The Conditional Operator (cont’d) • Multiple uses of this operator. e 1 ? e The Conditional Operator (cont’d) • Multiple uses of this operator. e 1 ? e 2 : e 3 ? e 4 : e 5 – group from right to left and therefore are evaluated as follows: e 1 ? e 2 : ( e 3 ? e 4 : e 5 ) • Can be used without right side of an assignment. – e. g. NSLog (@“Sign = %i”, ( number < 0 ) ? -1 : ( number == 0 ) ? 0 : 1); 68

More on Classes 69 More on Classes 69

Lesson 6: More on Classes • Properties, Synthesized Accessor Methods, and the Dot Operator Lesson 6: More on Classes • Properties, Synthesized Accessor Methods, and the Dot Operator • Multiple Method Arguments • Passing Objects as Arguments • Local Variables; The self Keyword • Allocating and Returning Objects in Methods Program 7. 1 70

Synthesized Accessor Methods • Getters and Setters can be automatically generated for you • Synthesized Accessor Methods • Getters and Setters can be automatically generated for you • Starts with the @property directive in the interface section @property int numerator, denominator; • @synthesize directive in implementation section causes automatic generation of the setter and getter methods @synthesize numerator, denominator; 71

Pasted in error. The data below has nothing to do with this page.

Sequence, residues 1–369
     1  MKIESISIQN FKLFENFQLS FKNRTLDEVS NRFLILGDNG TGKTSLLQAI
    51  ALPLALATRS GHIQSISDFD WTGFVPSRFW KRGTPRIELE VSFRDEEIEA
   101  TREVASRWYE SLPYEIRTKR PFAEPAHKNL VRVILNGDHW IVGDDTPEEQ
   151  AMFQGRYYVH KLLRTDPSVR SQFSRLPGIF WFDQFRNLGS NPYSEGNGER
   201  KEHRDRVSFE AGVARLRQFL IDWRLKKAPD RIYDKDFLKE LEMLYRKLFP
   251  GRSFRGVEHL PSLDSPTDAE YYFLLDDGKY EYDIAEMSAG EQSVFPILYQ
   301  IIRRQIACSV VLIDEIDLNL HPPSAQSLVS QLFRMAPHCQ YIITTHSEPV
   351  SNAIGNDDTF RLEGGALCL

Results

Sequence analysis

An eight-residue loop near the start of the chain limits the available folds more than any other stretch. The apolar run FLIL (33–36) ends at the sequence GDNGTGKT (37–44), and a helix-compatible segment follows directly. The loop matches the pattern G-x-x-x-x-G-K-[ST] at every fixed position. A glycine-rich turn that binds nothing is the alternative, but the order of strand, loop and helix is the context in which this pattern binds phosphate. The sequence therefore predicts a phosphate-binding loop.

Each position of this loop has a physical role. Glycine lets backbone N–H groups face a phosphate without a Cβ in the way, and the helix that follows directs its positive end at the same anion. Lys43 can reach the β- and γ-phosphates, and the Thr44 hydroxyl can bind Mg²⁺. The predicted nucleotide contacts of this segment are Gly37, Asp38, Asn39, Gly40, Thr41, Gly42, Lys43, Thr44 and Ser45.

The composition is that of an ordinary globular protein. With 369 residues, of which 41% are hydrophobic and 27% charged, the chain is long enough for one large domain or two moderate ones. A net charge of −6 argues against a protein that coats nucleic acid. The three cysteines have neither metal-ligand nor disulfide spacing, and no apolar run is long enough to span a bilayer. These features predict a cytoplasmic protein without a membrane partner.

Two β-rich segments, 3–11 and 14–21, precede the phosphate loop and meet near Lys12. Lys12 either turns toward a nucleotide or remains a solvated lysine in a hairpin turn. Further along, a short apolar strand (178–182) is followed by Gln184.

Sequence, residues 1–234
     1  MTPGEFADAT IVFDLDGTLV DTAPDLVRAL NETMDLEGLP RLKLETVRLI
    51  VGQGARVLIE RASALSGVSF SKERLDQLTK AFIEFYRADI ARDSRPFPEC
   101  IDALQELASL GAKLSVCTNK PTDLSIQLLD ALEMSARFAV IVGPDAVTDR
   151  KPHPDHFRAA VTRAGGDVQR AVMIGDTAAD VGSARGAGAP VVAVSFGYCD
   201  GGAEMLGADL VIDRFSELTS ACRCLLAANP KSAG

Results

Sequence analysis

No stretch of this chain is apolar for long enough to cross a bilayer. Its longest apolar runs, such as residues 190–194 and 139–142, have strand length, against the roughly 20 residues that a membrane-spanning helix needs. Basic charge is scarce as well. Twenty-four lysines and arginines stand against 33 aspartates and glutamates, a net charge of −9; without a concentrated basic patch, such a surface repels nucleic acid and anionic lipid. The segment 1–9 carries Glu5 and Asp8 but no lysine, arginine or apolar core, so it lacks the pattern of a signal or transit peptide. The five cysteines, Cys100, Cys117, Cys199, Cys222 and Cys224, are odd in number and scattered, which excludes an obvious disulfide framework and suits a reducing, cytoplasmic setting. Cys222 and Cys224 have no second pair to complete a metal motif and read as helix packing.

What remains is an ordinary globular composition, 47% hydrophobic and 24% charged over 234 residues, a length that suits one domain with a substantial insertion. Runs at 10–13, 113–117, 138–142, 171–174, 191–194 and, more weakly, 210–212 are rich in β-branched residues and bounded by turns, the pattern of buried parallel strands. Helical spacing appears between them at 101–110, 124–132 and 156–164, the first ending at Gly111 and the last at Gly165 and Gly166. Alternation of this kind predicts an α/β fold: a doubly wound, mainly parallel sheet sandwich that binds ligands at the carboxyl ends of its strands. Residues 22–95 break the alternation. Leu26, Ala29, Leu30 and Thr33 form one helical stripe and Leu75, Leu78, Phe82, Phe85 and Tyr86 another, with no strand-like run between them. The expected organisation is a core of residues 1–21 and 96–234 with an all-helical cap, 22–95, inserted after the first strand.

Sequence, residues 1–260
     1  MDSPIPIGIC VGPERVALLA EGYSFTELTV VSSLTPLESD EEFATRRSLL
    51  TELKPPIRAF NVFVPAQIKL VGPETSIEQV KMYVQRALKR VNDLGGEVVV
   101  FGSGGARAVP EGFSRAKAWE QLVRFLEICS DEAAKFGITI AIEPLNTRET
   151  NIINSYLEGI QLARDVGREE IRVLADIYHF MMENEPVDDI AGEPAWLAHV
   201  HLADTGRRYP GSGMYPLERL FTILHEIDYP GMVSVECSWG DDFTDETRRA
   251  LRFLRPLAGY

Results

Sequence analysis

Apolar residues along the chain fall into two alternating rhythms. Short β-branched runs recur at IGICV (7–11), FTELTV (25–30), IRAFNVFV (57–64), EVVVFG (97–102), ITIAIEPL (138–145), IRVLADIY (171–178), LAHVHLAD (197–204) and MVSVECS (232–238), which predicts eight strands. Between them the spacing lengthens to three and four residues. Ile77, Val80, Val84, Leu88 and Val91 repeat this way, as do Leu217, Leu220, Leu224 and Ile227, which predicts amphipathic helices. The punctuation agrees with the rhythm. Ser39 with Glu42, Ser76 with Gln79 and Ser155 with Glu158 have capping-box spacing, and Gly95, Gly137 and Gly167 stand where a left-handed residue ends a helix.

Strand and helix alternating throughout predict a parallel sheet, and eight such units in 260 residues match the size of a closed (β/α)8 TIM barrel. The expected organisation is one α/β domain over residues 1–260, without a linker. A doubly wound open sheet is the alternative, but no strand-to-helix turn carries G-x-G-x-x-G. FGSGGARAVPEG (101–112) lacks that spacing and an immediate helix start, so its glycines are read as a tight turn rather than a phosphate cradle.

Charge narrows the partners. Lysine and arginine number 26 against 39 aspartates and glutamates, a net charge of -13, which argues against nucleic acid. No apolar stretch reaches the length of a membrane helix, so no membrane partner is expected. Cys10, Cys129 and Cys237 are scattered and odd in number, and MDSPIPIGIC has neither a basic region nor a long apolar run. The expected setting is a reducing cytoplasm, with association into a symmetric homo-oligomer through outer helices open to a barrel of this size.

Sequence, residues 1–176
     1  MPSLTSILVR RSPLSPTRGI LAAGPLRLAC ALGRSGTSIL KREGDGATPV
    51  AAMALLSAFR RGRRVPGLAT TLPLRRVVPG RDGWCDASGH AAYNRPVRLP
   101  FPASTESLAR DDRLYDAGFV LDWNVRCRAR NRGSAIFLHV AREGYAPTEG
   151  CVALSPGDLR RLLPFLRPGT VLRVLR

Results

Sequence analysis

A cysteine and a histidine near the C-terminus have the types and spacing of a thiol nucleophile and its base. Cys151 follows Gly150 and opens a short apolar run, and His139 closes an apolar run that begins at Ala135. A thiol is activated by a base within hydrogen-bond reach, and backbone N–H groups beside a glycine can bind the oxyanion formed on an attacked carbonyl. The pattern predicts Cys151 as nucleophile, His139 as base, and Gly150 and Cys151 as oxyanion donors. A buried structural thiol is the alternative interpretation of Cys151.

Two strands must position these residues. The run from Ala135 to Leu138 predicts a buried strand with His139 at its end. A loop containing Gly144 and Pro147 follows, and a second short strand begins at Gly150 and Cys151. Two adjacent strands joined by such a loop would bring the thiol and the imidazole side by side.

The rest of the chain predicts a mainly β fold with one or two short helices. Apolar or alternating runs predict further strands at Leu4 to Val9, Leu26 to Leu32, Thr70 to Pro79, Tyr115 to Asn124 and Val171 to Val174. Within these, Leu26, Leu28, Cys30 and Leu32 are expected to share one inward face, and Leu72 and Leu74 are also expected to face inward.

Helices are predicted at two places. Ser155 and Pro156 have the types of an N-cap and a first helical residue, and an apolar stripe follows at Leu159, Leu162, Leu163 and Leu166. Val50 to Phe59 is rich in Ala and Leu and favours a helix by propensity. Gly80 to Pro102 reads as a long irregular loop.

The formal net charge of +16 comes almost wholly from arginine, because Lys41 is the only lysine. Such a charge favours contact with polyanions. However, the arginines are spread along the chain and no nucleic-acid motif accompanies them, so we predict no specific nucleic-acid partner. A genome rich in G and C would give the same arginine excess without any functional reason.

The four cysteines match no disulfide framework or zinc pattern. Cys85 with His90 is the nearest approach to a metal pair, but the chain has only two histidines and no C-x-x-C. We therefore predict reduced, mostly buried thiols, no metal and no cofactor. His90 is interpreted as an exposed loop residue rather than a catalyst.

Synthesized Accessor Methods #import <Foundation/Foundation. h> @interface Fraction : NSObject { int numerator; int Synthesized Accessor Methods #import @interface Fraction : NSObject { int numerator; int denominator; } @property int numerator, denominator; -(void) print; -(double) conver. To. Num; @end 72

The Dot Operator • Used to invoke accessor methods Format: object. property is the The Dot Operator • Used to invoke accessor methods Format: object. property is the same as writing [object property] • Example: my. Fraction. numerator 73

The Dot Operator (cont’d) • Format: object. property = value is the same as The Dot Operator (cont’d) • Format: object. property = value is the same as writing [object set. Property: value] • Example: my. Fraction. numerator = 5; 74

Multiple Method Arguments • Interface: -(void) set. To: (int) n over: (int) d; • Multiple Method Arguments • Interface: -(void) set. To: (int) n over: (int) d; • Implementation: -(void) set. To: (int) n over: (int) d; { numerator = n; denominator = d; } • Use: [my. Fraction set. To: 100 over: 200]; • Name: set. To: over: Program 7. 2 75

Operations on Fractions • Declare add: method -(void) add: (Fraction *) f; • Perform Operations on Fractions • Declare add: method -(void) add: (Fraction *) f; • Perform the calculation as follows a/b+c/d = (ad + bc) / bd • Put this code for the new method into the @implementation section Program 7. 3 76

Local Variables • Variables defined in main • Variables defined inside Methods • e. Local Variables • Variables defined in main • Variables defined inside Methods • e. g. -(void) reduce { int u = numerator; int v = denominator; int temp; } while (v != 0) { temp = u % v; u = v; v = temp; } numerator /= u; deniominator /= u; Program 7. 4 77